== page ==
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Reclaiming Indigenous Legacy One Beer at a Time
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Reclaiming Indigenous Legacy One Beer at a Time

Native American-owned breweries are leaning into their heritage and expressing their Indigenous identities through their potent potables.

Editor’s Note: This story can also be found in the Fall 2020 issue of Life & Thyme Post, our quarterly newspaper exclusively for members. Get your copy.

As a kid, Jake Keyes was curious about the liquids his dad had patiently spent all day tending to in their family kitchen. It had a funky, bready aroma and an air of mystery. Unable to contain his eagerness to understand what this elixir was, he busted open a carboy of what would have been a carefully crafted homebrew and poked around in it.

When his dad caught him accidentally destroying his batch, he decided to use it as a teaching moment for his son. He spelled out why introducing new bacteria is a surefire way to ruin a beer, and explained what was going on underneath all the bubbles. In the brewing days that followed, Keyes became a keen and enthusiastic assistant. 

What started as a hobby for the duo has since morphed into an opportunity to do something Keyes is passionate about, while teaching pint lovers about his culture as an Ioway (or Iowa), a Native American tribal group now found in Oklahoma. 

Skydance Brewing Co. is part of a small, but growing, coalition of Native American-owned breweries, which includes 7 Clans Brewing, Indian Joe Brewing, Rincon Reservation Road Brewery, and Bow & Arrow Brewing Co., as well as others. 

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Jacob Keyes, owner of Skydance Brewing Co.

Although found in dissimilar locales and operated by individuals with various tribal affiliations ranging from Cherokee to Luiseño to Navajo and beyond, each of the businesses have a couple commonalities: they’re working to educate the public about their heritage, and they’re expressing and reclaiming their Indigenous identities through their lagers and ales. 

Because Keyes’ shares space in a co-op with other breweries in Oklahoma City (although he hopes to open his own tap room soon), he’s more limited in how he can display his history—there’s just not the space. Most of his teaching comes through the naming of his signature suds. Christened with titles like Fancy Dance, Lighthorse IPA, Rez Dog, and Sovereign Nation, his beverage names have special meaning for his people.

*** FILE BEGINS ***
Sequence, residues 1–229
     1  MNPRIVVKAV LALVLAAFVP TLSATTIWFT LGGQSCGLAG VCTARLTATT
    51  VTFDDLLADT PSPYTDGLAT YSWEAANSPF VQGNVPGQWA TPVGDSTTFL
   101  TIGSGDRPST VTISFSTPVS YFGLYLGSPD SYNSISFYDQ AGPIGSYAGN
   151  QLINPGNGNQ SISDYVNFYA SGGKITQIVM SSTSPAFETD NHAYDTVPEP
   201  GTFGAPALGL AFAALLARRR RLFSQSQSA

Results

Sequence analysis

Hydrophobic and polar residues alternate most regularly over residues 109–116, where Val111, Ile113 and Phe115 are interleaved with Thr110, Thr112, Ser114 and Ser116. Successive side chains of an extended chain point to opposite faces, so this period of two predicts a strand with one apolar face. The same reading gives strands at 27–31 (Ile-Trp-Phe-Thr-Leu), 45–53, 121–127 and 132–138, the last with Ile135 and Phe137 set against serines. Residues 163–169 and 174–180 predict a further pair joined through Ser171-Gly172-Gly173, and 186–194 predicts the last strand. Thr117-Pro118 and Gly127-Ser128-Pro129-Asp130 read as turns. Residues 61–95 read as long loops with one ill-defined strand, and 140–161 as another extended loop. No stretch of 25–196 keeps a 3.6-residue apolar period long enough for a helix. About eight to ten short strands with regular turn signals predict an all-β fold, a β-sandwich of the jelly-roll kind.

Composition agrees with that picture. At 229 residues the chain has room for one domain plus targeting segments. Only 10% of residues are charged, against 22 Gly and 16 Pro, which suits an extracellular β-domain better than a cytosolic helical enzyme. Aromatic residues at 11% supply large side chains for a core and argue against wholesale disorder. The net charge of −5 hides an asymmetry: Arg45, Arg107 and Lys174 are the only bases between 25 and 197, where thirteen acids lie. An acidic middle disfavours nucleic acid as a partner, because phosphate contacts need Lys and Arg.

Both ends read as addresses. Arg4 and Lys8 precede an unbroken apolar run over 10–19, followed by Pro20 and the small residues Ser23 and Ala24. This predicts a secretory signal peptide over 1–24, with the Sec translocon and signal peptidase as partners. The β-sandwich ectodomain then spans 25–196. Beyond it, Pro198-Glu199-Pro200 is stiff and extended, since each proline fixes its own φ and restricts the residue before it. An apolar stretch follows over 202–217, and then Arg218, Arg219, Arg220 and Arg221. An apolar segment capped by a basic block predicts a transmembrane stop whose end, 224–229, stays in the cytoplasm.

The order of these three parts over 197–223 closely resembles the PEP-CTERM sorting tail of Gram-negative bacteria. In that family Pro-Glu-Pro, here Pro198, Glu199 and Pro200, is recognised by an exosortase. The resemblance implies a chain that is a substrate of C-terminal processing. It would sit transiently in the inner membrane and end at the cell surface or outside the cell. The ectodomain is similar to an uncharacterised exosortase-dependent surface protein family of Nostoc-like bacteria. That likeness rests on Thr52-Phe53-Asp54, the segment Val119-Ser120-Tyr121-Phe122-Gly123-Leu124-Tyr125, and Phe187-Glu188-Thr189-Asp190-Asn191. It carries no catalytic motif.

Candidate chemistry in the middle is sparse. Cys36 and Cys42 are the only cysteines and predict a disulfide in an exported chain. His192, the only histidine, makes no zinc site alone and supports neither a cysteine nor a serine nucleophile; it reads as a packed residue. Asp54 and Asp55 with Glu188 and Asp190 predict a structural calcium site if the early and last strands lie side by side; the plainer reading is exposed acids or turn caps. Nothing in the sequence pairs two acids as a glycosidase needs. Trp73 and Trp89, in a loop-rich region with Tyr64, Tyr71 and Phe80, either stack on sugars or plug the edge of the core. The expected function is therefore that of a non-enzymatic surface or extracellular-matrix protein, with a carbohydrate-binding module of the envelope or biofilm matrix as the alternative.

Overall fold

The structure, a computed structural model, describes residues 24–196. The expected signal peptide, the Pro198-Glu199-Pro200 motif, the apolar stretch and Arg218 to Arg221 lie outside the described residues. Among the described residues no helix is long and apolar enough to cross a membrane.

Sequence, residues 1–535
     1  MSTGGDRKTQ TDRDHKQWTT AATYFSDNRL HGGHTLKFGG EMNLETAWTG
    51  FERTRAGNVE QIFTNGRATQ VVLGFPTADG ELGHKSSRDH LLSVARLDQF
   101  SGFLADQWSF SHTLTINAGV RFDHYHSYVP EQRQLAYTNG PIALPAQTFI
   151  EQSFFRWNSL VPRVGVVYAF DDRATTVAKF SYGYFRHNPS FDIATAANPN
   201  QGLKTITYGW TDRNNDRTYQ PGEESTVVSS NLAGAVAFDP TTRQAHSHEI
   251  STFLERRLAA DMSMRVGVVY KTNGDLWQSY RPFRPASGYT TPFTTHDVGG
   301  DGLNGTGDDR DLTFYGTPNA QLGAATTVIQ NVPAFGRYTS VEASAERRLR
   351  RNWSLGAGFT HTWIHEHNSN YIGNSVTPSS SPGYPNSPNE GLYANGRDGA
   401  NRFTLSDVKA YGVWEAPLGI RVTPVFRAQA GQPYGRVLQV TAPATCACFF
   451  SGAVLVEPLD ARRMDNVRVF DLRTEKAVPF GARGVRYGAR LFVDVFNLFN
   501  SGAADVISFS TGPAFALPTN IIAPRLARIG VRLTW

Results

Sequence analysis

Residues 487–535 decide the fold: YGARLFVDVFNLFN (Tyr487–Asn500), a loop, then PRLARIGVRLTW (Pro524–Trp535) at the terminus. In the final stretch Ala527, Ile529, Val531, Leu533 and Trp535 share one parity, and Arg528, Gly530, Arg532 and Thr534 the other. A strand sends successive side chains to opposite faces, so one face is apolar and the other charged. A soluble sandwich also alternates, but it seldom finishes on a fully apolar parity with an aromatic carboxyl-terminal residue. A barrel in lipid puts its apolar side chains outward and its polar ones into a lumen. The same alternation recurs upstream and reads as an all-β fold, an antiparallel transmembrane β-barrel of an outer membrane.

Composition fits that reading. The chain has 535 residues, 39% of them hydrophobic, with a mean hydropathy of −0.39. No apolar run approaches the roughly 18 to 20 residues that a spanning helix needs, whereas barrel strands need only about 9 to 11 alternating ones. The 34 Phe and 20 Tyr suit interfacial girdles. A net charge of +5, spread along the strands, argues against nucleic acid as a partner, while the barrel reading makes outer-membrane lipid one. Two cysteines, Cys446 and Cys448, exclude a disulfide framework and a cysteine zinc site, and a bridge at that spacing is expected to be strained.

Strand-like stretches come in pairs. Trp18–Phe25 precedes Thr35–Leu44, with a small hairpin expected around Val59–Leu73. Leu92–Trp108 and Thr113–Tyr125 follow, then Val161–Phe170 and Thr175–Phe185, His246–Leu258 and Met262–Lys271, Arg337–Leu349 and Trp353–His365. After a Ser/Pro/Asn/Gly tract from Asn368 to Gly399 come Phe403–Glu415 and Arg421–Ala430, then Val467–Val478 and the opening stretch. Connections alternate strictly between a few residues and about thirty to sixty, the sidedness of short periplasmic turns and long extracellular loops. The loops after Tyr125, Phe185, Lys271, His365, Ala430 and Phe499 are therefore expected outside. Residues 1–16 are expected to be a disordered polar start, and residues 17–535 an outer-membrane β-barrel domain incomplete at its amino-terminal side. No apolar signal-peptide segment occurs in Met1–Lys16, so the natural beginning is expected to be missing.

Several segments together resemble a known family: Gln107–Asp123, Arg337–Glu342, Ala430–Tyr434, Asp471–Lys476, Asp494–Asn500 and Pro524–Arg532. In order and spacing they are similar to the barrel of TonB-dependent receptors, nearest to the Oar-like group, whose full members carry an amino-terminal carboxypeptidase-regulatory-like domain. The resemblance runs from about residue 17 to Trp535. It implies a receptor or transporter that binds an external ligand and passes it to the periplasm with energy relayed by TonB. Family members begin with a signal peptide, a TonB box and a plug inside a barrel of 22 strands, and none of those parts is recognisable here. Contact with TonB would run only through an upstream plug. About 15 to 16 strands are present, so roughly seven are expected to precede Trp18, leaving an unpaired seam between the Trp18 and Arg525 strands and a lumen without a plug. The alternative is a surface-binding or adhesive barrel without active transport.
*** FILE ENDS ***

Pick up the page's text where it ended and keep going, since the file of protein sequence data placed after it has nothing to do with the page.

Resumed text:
Because fancy dances are colorful and extravagant shows of athleticism (they’re what most non-natives often picture when they think of pow wows, although there are many kinds of dances), Keyes’ corresponding beer is a bright New England IPA with brilliant fruit and citrus notes. He wanted something that was bold, that would be both an appropriate homage and an explainer. Changing, or perhaps, more appropriately, correcting those images non-natives have about Native Americans, is how Keyes offers history lessons by way of his beer labels. 

“I want people to know—to understand—that Native Americans are real, that we’re here now and aren’t just something that happened in history,” Keyes says. “I think when a lot of people think about Native Americans, they’re thinking of two hundred years ago; and I want them to know what our culture and reality is like now. When people drink our beers, they’re getting a better understanding that these are people who are living in today’s world and doing modern things—like making beer—but are also living that culture, right now, in this day and time.”

Morgan Owle-Crisp—Cherokee citizen, brewer, and owner of 7 Clans Brewing in Cherokee, North Carolina—echoes that philosophy. The secondary mission of her operation, after selling beer, is reminding beer enthusiasts that Native Americans exist. 

“We’re real people with everyday lives, but we still practice our culture and look for ways to honor our tradition,” Owle-Crisp says. 

Morgan Owle-Crisp, owner of 7 Clans Brewing

There’s much debate about when and how beer was introduced to Native Americans. Some believe tribes have been making mellow fermented beverages for a millennium, but hops weren’t introduced to Native Americans until Europeans came over, so it wouldn’t have been beer in the traditional sense. 

Regardless of ingredients and introduction, there has been historical scrutiny of Native Americans’ relationship to alcohol. Part of that apprehensiveness branches from the stereotype that Native Americans are prone to alcoholism, a myth rooted in laws enacted by the U.S. government to prohibit Indigenous peoples from consuming alcohol.

For hundreds of years, newcomers told Indigenous people what they could and could not do with alcohol through various federal Native American alcohol policies and programs. Shortly after the American Revolution, Congress passed a series of laws specifically impacting the sale and consumption of alcohol on reservations.